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GOVERNMENT PURSUES COUNTER TERROR LEGISLATION A s lockdown starts to ease, the government is keen to ensure the public is kept safe from terror attacks at entertainment events and venues. A consultation process is now underway which is designed to determine new antiterrorism legislation. This comes in the wake of the horrific bombing at the Ariana Grande concert in Manchester in 2017. In one of the worst acts of terrorism in the UK an Islamic terrorist detonated a home-made bomb at the Manchester Arena killing more than 20 people and injuring a further 137, many of them children. Legislation to address these issues stalled because of Covid-19.

MARTYN’S LAW One of those who died in the blast was Martyn Hett. Since that day his mother, Figen Murray has campaigned tirelessly for ‘Martyn’s Law’ to force venues and public spaces to improve counter-terror security measures. Murray told the public enquiry into the bombing that new legislation should be delayed no longer and said: “My focus will always be to stop such violent acts from happening again because Martyn and the other 21 victims cannot have lost their lives for nothing.”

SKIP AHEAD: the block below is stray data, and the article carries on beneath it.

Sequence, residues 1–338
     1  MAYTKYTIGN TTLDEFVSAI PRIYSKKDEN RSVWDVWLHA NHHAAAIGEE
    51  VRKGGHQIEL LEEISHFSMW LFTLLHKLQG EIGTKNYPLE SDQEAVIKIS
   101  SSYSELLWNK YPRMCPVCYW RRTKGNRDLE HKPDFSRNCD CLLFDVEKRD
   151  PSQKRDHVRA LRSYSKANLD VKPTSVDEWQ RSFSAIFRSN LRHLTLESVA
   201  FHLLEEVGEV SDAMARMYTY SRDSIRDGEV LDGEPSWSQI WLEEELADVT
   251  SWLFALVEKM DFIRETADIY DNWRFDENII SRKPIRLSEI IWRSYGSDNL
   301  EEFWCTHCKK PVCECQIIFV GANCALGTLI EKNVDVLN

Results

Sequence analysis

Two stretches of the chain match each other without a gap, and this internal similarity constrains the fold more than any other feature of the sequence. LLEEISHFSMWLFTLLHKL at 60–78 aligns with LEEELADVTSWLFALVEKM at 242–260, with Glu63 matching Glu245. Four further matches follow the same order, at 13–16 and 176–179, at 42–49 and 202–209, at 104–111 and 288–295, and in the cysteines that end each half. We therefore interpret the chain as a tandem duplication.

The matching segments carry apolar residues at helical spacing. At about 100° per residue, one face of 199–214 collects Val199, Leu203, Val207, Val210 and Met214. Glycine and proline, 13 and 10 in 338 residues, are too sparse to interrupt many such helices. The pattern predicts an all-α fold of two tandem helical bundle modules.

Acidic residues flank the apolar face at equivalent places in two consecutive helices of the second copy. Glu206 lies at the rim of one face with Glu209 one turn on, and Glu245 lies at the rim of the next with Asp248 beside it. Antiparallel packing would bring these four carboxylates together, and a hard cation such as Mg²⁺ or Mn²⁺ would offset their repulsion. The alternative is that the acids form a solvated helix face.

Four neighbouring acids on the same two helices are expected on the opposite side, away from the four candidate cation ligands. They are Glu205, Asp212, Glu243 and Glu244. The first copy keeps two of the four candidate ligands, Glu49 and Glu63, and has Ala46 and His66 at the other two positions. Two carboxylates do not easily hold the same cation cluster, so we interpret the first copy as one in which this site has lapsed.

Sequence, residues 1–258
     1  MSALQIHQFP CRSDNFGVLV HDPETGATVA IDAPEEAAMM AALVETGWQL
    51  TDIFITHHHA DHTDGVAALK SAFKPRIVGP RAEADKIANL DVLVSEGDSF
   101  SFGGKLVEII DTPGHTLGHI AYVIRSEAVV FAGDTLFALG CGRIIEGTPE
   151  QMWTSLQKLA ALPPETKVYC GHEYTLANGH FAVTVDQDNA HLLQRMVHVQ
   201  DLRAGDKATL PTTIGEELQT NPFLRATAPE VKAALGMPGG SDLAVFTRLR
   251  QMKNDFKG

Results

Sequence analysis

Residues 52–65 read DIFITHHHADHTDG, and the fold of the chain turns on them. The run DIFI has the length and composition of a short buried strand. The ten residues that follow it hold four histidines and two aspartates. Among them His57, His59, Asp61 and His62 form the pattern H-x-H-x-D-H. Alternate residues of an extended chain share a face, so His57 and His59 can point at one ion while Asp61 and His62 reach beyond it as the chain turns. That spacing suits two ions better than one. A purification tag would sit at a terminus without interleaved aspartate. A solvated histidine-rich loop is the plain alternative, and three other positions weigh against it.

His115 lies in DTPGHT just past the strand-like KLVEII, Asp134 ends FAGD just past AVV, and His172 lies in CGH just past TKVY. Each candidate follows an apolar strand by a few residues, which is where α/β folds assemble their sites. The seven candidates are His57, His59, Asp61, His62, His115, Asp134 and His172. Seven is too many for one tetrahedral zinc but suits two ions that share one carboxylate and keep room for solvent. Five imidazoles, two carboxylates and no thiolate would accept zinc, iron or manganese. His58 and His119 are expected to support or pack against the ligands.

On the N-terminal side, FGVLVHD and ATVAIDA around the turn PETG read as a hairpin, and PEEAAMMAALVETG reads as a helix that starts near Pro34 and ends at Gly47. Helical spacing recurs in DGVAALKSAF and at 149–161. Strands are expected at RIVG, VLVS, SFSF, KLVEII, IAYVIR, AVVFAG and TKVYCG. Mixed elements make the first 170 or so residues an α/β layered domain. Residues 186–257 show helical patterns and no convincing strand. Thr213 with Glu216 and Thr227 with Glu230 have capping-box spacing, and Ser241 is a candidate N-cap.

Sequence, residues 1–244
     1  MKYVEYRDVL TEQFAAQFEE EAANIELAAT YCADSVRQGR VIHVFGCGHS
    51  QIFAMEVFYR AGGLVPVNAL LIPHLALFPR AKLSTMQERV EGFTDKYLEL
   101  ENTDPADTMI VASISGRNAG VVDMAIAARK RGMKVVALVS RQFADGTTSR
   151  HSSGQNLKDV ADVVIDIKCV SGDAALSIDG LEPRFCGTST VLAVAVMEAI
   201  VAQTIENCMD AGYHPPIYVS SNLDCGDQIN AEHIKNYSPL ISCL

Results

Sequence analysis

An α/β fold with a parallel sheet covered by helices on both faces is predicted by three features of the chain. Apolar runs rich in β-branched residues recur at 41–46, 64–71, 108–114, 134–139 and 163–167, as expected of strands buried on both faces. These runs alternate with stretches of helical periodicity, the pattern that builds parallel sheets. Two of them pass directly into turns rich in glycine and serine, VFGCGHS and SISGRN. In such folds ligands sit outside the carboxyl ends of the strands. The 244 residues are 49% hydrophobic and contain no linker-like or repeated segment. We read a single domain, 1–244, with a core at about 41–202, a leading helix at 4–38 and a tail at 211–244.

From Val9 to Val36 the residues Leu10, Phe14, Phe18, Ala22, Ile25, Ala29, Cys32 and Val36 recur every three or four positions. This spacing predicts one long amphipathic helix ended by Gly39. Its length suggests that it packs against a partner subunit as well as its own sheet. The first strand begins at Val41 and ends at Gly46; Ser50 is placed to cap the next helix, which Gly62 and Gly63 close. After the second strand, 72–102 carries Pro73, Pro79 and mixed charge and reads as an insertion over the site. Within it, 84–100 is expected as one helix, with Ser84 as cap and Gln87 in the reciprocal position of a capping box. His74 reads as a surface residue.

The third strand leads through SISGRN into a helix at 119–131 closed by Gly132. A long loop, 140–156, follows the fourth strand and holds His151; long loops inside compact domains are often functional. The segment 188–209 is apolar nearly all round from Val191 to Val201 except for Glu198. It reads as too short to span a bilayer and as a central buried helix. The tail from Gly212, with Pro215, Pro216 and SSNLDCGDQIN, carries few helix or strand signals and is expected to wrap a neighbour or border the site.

The government’s so-called Protect Duty legislation will build on ‘Martyn’s Law’ and would apply to large public venues, retail and entertainment chains and public spaces. Currently, it is not compulsory for a venue or site owners to give staff antiterrorism training and there is no obligation on their part to engage with advice on terror threats or on how to mitigate risk. Security Minister James Brokenshire said the consultation ‘considers how we can work together to develop proportionate security measures to improve public security. It also considers how those responsible for publicly accessible locations are ready and prepared to take appropriate action, were a terrorist attack to happen’.

PROTECT DUTY Protect Duty will likely require staff to under-go mandatory counter-terrorism advice and terrorism response training. This would then form part of the induction process for any new employees. It’s also been suggested that a venue should have a specially trained crisis manager on duty at all times when the premises are open. Free training is already available on the government ACT website. The government

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